How to Decide If Consolidating Loans Is Best

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As the economy struggles, consumers are finding it harder to meet their debt obligations. The auto loan default rate could increase as much as 33% by the end of 2008, for example. And while foreclosures recently trended downward, they are still up 53% from this time last year.

If you're struggling under a heavy debt load, consolidating your loans by refinancing your mortgage may provide a solution.

Refinancing a mortgage to pay off debt is one way you can lower your monthly payments. Mortgage rates are generally lower than rates for other types of loans because a mortgage is considered secured debt -- for example, your home acts as collateral for the loan.

Meanwhile, credit card debt in particular tends to carry very high interest rates because it is considered unsecured debt.

The first step in deciding whether to consolidate involves sorting out how much you owe and how much you are paying each month. Next you need to figure out how much you stand to save if you pay off your debt by refinancing with a new mortgage. The online Mortgage Debt Consolidation calculator from BankingMyWay.com can help you wrap your head around both sets of numbers.

The calculator works by using the details from your existing debts (credit card, mortgage, car loan, etc.) to figure out your overall monthly payment and the amount of your outstanding debt. By entering the interest rate and term of your new mortgage, you can see how much you'd stand to save in monthly payments.

Say you are looking to consolidate credit card debt, a car loan and your existing mortgage. You carry $5,000 in long-term credit card debt at an 18% interest rate and you pay $200 on it each month. You also have a five-year, $15,000 auto loan at 7.5%, and you've managed to make two years worth of payments at $301 a month. Finally, you have 15 years left on a $200,000 30-year fixed rate mortgage at an interest rate of 7.51% with monthly payments of $1,400.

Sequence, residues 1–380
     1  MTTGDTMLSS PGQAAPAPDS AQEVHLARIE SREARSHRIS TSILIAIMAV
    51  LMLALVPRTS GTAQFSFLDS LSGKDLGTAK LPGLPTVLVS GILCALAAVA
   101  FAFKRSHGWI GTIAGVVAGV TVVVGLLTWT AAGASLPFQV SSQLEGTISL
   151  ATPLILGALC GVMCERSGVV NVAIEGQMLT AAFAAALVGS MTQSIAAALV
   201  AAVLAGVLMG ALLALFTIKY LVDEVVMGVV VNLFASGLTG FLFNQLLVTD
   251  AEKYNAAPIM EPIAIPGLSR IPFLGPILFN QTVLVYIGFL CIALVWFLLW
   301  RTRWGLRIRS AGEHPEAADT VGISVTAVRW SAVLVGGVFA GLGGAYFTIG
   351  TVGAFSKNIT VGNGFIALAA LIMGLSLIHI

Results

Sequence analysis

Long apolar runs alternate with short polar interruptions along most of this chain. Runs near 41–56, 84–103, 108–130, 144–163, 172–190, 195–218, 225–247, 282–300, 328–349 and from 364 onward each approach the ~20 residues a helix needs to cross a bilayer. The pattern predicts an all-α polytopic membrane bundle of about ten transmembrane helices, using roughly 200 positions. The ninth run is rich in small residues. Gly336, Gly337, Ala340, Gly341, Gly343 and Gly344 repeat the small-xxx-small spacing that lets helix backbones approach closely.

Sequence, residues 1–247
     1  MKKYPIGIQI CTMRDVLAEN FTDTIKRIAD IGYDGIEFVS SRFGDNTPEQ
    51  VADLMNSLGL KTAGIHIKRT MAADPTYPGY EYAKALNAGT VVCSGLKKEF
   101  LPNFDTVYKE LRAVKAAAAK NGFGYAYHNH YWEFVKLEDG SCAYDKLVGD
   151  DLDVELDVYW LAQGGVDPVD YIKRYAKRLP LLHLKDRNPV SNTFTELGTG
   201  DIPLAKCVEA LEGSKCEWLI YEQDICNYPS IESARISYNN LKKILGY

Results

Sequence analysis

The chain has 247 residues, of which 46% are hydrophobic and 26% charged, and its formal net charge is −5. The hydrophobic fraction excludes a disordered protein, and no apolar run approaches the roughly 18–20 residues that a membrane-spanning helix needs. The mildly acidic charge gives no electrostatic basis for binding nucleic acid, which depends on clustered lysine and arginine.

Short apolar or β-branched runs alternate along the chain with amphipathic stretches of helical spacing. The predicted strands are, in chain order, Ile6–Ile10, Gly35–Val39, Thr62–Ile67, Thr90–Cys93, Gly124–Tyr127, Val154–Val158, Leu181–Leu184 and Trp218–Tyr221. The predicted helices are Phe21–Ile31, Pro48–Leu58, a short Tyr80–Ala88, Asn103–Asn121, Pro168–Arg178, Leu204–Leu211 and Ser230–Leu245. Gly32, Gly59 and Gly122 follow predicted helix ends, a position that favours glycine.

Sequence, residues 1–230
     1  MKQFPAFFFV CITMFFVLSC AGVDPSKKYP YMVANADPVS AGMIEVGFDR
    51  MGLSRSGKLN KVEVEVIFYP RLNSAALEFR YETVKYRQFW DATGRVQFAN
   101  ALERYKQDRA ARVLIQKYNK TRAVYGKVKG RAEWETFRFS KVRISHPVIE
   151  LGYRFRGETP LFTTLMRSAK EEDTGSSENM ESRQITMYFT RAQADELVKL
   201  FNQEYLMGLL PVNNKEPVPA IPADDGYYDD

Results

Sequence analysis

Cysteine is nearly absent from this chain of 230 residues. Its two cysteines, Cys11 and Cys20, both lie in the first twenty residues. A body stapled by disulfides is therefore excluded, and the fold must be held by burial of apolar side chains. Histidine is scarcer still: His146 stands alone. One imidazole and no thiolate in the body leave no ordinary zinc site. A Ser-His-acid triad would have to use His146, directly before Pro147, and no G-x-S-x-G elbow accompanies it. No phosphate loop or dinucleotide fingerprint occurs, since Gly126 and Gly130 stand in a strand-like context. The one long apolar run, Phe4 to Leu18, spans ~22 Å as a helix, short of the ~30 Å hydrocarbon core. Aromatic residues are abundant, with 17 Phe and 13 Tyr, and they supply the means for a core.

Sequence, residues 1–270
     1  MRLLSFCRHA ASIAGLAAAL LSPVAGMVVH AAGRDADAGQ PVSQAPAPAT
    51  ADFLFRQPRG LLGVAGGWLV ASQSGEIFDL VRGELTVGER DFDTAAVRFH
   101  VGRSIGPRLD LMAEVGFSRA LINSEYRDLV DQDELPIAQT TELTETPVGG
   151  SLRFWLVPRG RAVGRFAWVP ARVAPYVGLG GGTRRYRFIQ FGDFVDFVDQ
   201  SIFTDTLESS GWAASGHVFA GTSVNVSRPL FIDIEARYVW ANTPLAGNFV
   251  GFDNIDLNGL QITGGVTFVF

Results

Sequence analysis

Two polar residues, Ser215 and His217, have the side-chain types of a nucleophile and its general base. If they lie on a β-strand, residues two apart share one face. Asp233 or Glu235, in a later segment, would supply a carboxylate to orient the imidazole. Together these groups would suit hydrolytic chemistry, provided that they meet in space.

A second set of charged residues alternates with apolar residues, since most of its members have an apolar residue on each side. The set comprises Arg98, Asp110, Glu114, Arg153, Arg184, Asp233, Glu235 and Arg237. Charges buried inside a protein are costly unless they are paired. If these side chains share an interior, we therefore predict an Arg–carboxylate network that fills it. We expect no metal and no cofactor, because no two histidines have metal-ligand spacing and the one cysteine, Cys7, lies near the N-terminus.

All told, your monthly debt payments add up to $1,901 and your overall debt is $165,585 with an average interest rate of 7.83%.

If you refinanced your existing mortgage with a $165,585 15-year fixed rate mortgage at 5.91% (the current rate for a 15-year fixed rate mortgage according to Freddie Mac (FRE), your monthly payments drops to $1,388.37. That's $512.63 less than what you are paying now. Overall, you stand to save $19,243.75 in interest by the time you have paid off all of your debt.

The report provided by the calculator also indicates that additional tax savings are available by deducting the interest on your new mortgage -- $3,135.70 in the first year, in this example. However, this calculation doesn't take into account any tax benefits from your original mortgage, and assumes that you itemize your deductions on your income taxes.

When contemplating refinancing, you should also take into consideration the closing costs for a mortgage -- typically anywhere from 2% to 3% of the loan amount. To get a feel for how closing costs might affect the calculation, you can add your lender's best estimate of the costs onto the amount of the new mortgage loan.

Let's say closing costs were $4,000 in this example. Adding that amount to the $165,585 would increase your new loan amount to $169,585 and your monthly payments to $1,421.91. Your monthly savings drop to $479.09 a month.

Saving an additional $500 or so a month can help put you on the path to financial health. But while the calculator can help you sort out the numbers involved, it can't help you make changes in your behavior to keep you from falling back into debt. For more help, you can contact Consumer Credit Counseling for free debt management counseling.

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